There comes a time in your life when having a baby seems like a great idea. Never mind the cost, the sleepless nights and all the other anticipated difficulties, babies are incredible. Still, eventually the reality of the financial impact will rear its ugly head. There are some ways you can save tons of money while still providing everything your little one needs though, so read ahead.
While it is really nice to have one or two sets of prenatal jeans, you can usually get by for quite a while in your regular clothes. If you are handy with a sewing machine, get it out and install a pregnancy panel in a couple more of your pants and you should be able to make it through the pregnancy.
Goodwill stores are a great place to find gently used pregnancy clothing, as are friends, relatives, and coworkers. For some reason people are very eager to get rid of these clothes, so advertise your condition and watch the donations roll in.
Before they let you take the baby home, the hospital will insist on seeing a car seat. That doesn’t mean you have to stand in the lobby and open a brand new box though. Ask around. Friends with toddlers probably still have that infant seat in the garage. I shared my seat with my brother and between us we used it for six kids. We just took turns having babies.
Note though that many experts will not recommend a used car seat because of safety reasons. I totally agree that safety is very important. Much more important than saving a few dollars, but like EVERYTHING ELSE used, there are good, and there are bad. Just because something is dated doesn’t mean it’s not safe.
I have a new born too, so I’m well aware of our instinct as a parent to be extra cautious for our children but whether it’s my daughter, myself, my wife or parents, safety is JUST AS important.
Newer cars are safer than older ones too, but you don’t hear about the same advice about safety versus cost there. It all comes down to the specific piece you are buying and whether you can see the difference of what’s good versus bad.
This is all opinion of course. Obviously new is always better. But you can find some good used car seats that’s made in the past year or two (just imagine all these parents who need to throw away their infant car seat before their child turns one) and were made from the exact same safety standards as the new ones currently on store selves.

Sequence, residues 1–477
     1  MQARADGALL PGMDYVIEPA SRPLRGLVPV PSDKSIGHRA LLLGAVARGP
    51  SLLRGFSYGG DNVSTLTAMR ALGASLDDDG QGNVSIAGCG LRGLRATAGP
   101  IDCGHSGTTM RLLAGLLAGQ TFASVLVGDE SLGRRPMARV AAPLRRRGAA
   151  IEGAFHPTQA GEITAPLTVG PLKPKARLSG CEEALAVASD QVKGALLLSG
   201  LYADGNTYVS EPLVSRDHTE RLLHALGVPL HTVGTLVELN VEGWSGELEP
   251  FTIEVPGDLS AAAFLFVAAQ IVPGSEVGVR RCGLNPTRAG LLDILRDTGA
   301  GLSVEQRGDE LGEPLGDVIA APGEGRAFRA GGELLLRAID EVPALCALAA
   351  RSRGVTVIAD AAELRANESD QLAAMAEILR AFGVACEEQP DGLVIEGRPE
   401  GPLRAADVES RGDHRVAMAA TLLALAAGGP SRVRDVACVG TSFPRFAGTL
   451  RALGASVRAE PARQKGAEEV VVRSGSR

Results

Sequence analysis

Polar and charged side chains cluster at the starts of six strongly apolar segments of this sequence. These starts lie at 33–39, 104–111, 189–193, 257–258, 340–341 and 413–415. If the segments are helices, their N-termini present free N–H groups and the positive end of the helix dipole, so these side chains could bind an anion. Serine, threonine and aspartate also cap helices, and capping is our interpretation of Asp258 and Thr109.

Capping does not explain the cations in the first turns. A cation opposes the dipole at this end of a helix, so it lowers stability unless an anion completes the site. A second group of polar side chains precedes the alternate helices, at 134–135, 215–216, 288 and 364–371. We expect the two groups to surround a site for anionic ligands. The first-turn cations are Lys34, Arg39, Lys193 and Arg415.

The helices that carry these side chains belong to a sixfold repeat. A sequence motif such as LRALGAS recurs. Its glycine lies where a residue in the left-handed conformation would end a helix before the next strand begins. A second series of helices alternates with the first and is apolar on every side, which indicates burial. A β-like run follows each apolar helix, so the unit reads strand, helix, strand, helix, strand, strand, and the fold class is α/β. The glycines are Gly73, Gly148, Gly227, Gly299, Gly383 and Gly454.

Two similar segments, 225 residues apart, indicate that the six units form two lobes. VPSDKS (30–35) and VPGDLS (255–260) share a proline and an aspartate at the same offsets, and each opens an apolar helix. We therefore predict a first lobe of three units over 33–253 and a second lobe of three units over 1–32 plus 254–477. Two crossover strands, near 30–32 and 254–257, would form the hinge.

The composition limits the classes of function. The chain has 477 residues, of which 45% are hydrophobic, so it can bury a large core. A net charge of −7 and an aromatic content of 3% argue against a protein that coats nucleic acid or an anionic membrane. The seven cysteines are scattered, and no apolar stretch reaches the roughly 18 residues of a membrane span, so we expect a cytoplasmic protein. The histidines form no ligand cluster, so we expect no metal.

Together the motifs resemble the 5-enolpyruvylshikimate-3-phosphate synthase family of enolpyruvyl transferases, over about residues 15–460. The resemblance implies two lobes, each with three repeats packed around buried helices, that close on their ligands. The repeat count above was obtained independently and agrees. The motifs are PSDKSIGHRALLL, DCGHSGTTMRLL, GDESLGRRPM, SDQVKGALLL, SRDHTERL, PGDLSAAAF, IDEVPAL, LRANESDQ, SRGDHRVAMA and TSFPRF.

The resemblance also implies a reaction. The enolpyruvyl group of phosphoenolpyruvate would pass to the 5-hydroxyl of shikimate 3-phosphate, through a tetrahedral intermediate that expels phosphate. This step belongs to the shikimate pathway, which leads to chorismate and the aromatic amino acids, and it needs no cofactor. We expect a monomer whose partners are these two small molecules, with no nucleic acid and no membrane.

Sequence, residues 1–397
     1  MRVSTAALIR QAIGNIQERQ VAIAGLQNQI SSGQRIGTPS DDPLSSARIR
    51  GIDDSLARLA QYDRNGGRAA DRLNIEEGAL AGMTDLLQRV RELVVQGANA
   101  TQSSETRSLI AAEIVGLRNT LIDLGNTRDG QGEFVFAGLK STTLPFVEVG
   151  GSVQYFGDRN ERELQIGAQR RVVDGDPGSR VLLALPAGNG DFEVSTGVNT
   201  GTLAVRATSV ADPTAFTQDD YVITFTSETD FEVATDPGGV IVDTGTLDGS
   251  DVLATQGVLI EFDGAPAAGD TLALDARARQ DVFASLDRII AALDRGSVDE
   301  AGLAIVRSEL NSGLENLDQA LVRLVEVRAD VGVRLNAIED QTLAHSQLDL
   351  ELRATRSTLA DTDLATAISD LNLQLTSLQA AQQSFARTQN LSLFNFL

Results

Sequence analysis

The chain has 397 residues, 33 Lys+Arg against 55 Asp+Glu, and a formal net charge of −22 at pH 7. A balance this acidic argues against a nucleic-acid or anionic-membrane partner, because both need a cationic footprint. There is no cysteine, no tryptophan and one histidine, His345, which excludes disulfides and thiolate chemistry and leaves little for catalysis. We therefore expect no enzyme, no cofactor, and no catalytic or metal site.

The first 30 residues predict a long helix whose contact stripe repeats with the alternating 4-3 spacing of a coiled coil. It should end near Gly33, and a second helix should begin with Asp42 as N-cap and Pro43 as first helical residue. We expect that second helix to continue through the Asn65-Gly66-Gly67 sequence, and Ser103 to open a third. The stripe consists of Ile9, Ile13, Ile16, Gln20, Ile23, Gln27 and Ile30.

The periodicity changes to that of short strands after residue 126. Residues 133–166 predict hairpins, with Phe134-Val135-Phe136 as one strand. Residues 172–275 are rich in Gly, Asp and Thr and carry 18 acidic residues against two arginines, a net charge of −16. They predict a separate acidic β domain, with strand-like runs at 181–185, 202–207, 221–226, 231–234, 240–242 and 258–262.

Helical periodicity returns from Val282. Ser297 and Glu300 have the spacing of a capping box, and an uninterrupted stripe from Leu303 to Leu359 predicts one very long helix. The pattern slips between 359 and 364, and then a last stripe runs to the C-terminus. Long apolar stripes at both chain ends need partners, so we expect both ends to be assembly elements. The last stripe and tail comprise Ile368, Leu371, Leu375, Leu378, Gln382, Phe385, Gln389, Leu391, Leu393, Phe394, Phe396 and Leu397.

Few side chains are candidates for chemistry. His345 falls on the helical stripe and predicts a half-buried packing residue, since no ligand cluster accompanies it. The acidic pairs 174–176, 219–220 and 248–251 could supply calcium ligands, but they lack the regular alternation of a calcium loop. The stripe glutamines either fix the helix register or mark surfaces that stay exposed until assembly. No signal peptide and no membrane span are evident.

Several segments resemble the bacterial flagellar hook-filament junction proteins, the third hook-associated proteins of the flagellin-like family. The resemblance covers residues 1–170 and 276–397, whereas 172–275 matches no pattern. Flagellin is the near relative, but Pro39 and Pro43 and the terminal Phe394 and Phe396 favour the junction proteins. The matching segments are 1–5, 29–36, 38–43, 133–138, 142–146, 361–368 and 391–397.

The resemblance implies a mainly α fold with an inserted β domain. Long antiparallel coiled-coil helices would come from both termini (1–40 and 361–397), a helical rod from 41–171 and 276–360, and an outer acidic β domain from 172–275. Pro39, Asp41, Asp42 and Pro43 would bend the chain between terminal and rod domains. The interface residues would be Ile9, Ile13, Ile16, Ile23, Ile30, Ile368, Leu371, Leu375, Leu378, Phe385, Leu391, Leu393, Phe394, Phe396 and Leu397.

Another biggie, clothing, is about the easiest to get for free or cheaply. Borrowing or accepting hand-me-downs is a great technique, but if you must get something new, try the thrift shops first. Little babies outgrow things so quickly that there is rarely any wear and tear. If you have your own washer and dryer, ten onesies, socks, and sleepers are all you need at first.
Feeding and Diapering
The hands down cheapest form of feeding is breast feeding, a slight increase in what Mom eats and you are done. For those who opt for bottle feeding, the best place to get formula is a grocery warehouse. Nursing bras are great, but expensive. Wait until you are certain you will be doing this for a while before you invest. The first few weeks you will probably stay home so use a sports bra for convenience and comfort.
There is no way around the expense of diapers. Cloth diapers are cheaper, but only if you purchase your own and wash them yourself. The best options are wool wraps and cotton diapers purchased in bulk. The wraps are more expensive than some other options, but mine have lasted through three kids and are still in great shape. A diaper service is expensive, but you avoid the washing process.
Disposable diapers are pricey and environmentally unsound, but boy are they convenient. You go through a lot of diapers with each child, so buy the cheapest ones that work. By work I mean they hold a night’s worth of fluid without leaking and bowel movements don’t creep out the sides and back when you aren’t looking. The only way to find out which works best for your baby is to try out several brands until you find one that does.
There are plenty of websites dedicated to saving money while raising your bundle of joy. Coupon Shoebox, for example, has quite a few coupons for items sold at Diapers.com. Get online, join parenting groups in your area, and ask a lot of questions. It is possible to stick to a budget and still give your child all they need.
This is another post from the How to Save Money on Everything ebook. Check it out by subscribing to the free newsletter here.